Ousted lesbian den leader delivers petitions to Boy Scouts headquarters

Posted on 18 Jul 2012 at 1:00pm

Ousted lesbian den leader Jennifer Tyrrell delivers petitions calling for an end to the Boy Scouts’ gay ban at the group’s headquarters in Irving on Wednesday morning. (Anna Waugh/Dallas Voice)

 

DAVID TAFFET  |  Staff Writer

Standing in front of the National Boy Scout Museum on Wednesday morning, ousted Cub Scout leader Jennifer Tyrrell said the Boy Scouts’ policy of exclusion is “hurting children and hurting families.”

Tyrrell was in Irving to deliver a Change.org petition with 300,000 signatures to the Boy Scouts of America.

After she received the phone call removing her from her position with the Scouts, “she sat around and cried for a few days,” according to Tyrrell’s partner Alicia Burns, who was also on hand Wednesday morning at BSA headquarters.

Anti-gay pastor Joey Faust demonstrated with two followers shouting about fornication while Tyrrell spoke to the media along with Mark Anthony Dingbaum of Change.org and Allison Palmer, vice president of campaigns and programs for GLAAD.

“Why can’t you tolerate the Boy Scouts decision?” Faust shouted. “The gays brought us AIDS …”

Palmer said GLAAD’s job is to tell stories about real people and that Tyrrell’s story resonates.

“Something comes across so clearly about her wanting to be a great parent,” Palmer said.

She called Tyrrell’s case an example of the consequences of policies like this hurting children.

Dingbaum said Change.org hosts 15,000 new petitions a month.

“Our job is to empower the petition starters,” he said.

And some of those petitions take off like this one and receive local as well as celebrity and other national support. Of the many new petitions started each month, only a few receive the national coverage that this one did.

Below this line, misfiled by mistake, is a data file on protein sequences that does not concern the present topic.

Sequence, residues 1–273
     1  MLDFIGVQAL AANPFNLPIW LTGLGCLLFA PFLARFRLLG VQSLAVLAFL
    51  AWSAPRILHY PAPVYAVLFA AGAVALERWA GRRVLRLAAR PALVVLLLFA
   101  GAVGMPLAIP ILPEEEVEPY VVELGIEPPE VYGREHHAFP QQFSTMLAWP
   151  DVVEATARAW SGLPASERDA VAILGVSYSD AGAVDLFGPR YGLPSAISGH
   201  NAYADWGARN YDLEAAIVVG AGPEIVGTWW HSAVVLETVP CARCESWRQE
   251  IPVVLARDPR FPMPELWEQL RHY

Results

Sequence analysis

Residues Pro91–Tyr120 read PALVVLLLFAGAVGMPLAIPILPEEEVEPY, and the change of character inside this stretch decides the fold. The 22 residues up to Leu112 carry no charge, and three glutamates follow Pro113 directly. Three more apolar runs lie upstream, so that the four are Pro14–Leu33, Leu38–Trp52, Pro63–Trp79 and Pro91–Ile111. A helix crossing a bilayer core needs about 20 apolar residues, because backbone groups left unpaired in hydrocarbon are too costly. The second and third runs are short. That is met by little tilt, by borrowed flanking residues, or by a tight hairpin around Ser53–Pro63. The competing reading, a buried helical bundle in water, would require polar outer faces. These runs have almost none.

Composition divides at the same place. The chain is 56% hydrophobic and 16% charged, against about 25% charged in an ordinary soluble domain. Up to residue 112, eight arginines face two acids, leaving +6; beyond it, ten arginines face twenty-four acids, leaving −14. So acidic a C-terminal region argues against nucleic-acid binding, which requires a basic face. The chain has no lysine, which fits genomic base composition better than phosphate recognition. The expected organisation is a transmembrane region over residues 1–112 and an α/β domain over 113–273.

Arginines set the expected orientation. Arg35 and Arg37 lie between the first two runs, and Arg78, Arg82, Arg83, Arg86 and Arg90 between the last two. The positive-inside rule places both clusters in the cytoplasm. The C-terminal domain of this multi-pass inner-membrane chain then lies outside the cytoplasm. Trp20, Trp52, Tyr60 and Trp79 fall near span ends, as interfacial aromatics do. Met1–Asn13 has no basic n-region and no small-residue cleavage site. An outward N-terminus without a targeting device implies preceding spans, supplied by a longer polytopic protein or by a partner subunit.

After speaking to media, Tyrrell, Dingbaum and Burns carried boxes containing the signatures into the museum building.

Tyrrell, Burns and their two youngest children met with Boy Scouts representative Deron Smith for about 10 minutes. Tyrell wore her Scouting uniform with the right sleeve signed by George Takei. She and Takei rode in the New York Pride parade together.

When she emerged later, Tyrrell called the meeting cordial. She said she’d asked for proof of a meeting that Boy Scouts officials claim occurred after two years of study about the gay ban. The Boy Scouts announced the study this week, just two weeks after telling Dallas Voice that the policy wasn’t under review. The announcement coincided with their decision to meet with Tyrrell.

“I expect the Boy Scouts to stand behind their arcane policy until it changes, and we’ll be here until it changes,” Tyrrell said.

She said the petition remains open. In the past 24 hours, 2,000 signatures have been added. And she said she’d be back at Boy Scout headquarters to deliver more signatures as the petition grows.

More photos and video below.

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